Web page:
A less-than-favorable review of Dr. Peterson’s recent book Twelve Rules for Life called it a “self-help book from a culture warrior.” Were this an accurate summary, I doubt that I would have finished chapter one, much less the entire book. This description is inaccurate in two ways, both of which expose the corrosive cultural narrative (one that, I think, the Right and Left hold, for the most part, in common) that distorts what Peterson is saying. Let me deal with the idea of a “culture war” first. I propose to do this by comparing Dr. Peterson to one of the West’s most influential authors whom you’ve never read, Peter Lombard. This comparison will illuminate the reasons why I consider Dr. Peterson’s appearance on the scene to be a hopeful development.
Lombard lived in the first part of the twelfth century. The European tenth century was one of chaos and brutality. Charlemagne’s empire collapsed as his heirs contended for power and Europe was attacked by Vikings from the north, Magyars from the east, and Saracens from the south. This political turmoil affected the cultural and intellectual life in the West. When Peter Lombard came of age, controversies dealing with Church discipline, theology, and political jurisdiction continued to be quite rampant.
One response in the midst of such controversies is to choose sides. This is the response of a culture warrior. It takes two related forms, a conviction that one side is possessed of the unadulterated truth, or that the other side is so dangerously wrong that they must be stopped at any cost, even at the cost of my own intellectual balance and honesty. This response is polarizing and dangerous. We see plenty of it in our own day.
One other problem with this response is that it tends toward an over-focus on discreet issues, not always seeing how they relate to other issues that are not necessarily being debated. This narrowing of focus frequently means that the culture warrior holds contradictory views, but lacks the interior calm to investigate his or her lack of consistency. On today’s Left, this might mean narrowly focusing on tolerance for groups identified as historically oppressed while showing little or no tolerance for groups deemed beyond the pale. On the right, this might mean focusing on pro-life as applied to the protection of the unborn while showing little or no regard for the human cost of a belligerent foreign policy. A culture warrior is prepared to live with this cognitive dissonance because so much emotional energy must be spent prosecuting the war, little is left for hammering out one’s own integrity.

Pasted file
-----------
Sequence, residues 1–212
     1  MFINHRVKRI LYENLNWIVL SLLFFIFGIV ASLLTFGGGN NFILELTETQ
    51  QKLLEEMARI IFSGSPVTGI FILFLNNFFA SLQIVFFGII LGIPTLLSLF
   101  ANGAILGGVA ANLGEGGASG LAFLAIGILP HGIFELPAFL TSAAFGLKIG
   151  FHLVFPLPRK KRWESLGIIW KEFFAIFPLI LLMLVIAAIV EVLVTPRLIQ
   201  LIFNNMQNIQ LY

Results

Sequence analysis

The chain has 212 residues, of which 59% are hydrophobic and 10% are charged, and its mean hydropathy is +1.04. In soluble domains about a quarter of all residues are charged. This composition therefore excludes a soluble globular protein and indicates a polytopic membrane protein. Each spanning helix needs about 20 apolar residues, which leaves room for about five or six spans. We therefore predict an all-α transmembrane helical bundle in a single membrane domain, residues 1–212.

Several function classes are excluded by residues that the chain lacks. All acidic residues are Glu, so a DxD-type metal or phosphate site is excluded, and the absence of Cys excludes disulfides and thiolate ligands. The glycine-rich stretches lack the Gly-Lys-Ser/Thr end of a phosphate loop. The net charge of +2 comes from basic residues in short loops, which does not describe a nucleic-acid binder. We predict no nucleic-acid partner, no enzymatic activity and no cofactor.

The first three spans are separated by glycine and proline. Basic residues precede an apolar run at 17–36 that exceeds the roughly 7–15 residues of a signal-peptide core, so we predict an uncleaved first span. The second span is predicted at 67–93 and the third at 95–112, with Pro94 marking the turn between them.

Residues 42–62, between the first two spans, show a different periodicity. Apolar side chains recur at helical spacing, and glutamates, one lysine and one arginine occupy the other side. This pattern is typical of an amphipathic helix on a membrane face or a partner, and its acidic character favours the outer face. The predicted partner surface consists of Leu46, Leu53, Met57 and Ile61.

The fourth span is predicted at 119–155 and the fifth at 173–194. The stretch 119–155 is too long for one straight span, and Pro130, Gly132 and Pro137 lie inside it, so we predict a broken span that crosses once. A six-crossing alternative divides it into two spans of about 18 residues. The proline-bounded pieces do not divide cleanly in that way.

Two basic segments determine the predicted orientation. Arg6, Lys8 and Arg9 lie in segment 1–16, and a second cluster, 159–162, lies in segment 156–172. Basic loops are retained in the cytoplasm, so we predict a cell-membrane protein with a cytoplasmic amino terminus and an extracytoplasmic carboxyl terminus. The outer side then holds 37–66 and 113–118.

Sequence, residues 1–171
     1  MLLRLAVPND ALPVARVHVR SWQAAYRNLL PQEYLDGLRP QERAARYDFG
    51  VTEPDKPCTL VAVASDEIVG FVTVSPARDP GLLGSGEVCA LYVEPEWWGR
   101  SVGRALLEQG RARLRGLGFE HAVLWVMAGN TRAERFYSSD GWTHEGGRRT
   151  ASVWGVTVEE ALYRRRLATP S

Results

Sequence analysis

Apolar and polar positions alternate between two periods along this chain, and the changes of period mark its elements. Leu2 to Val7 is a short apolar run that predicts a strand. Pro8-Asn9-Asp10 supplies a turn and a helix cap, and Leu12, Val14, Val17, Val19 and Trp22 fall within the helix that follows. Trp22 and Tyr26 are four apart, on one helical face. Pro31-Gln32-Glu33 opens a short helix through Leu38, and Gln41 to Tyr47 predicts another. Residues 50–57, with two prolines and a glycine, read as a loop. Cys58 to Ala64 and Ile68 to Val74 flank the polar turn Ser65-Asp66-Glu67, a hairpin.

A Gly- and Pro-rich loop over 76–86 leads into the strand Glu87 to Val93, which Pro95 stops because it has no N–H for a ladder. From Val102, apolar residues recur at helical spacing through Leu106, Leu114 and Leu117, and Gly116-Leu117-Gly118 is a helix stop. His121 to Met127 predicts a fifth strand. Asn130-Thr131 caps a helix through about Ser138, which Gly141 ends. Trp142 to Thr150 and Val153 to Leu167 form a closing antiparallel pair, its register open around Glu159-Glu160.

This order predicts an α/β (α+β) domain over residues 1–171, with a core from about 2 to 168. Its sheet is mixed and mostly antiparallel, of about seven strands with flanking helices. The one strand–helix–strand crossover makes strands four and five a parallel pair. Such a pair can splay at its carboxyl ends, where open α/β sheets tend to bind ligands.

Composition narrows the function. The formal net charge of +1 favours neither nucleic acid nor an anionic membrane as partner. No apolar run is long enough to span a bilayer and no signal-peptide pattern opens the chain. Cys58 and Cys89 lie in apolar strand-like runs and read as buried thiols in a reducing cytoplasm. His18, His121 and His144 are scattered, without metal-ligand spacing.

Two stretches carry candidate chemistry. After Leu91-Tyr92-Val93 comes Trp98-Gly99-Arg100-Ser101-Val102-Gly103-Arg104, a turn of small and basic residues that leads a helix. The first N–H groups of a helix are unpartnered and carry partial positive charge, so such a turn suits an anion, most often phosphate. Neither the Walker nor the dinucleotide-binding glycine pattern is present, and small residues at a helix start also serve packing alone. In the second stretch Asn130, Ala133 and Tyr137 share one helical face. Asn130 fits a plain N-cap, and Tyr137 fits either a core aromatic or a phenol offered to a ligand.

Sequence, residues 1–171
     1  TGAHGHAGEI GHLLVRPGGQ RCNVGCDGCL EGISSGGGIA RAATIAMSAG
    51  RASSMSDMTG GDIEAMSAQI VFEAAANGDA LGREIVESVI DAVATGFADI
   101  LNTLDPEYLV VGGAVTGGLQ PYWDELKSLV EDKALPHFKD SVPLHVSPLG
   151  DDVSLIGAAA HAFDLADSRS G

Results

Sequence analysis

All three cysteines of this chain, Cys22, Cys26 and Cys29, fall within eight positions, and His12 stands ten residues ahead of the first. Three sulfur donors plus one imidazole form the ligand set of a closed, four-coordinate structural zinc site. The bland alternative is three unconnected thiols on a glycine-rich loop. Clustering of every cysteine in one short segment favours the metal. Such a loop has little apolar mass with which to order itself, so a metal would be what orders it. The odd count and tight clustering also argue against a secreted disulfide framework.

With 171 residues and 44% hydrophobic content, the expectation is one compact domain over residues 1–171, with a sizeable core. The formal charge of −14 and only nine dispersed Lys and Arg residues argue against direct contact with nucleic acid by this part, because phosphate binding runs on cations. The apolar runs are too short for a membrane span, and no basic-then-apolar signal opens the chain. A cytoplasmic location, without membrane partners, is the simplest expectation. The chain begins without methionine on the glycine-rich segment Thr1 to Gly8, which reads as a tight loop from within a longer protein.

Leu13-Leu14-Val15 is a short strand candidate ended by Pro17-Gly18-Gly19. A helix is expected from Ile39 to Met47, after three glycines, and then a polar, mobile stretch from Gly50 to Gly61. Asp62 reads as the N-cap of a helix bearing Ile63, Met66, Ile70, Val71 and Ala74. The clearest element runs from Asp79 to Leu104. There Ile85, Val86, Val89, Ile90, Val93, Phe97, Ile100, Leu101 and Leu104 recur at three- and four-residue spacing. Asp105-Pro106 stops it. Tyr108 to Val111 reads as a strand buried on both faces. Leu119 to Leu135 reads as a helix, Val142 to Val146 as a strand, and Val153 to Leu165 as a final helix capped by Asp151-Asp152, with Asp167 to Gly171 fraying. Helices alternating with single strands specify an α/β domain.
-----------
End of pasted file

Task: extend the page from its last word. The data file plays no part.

Peter Lombard’s response was to go back to the sources, to something like bedrock. His four books of Sentences were collections of statements from the Scriptures and from the Church Fathers on as many topics as he could organize. This work became the foundation of the flowering of medieval philosophy in the thirteenth and fourteenth centuries, hence my assertion of his major influence. Anyone who studied theology in the West had to become a commentator on the Sentences, therefore broadly informed about virtually every conceivable angle on theology and politics (a similar project, dealing with canon and civil law, was carried out slightly later by Gratian).
This approach allows as many persons as possible the opportunity to be heard. It demonstrates a robust faith that there is a truth to be discovered, and that this truth will win the assent of persons of good-will. It makes an act of faith that Truth will turn out to be benign, the key to a flourishing human life. This is an arduous way to proceed. The mass of material is intimidating, and it requires a personal intellectual humility. “Taking sides” in a culture war, in my opinion, often poses greater hazards. It makes it difficult to hear and sympathize with “the other side,” deafening me to what might be salutary critique. Praise on my side of the aisle as well as criticism from the opposite can be taken as vindication of correctness of my opinion.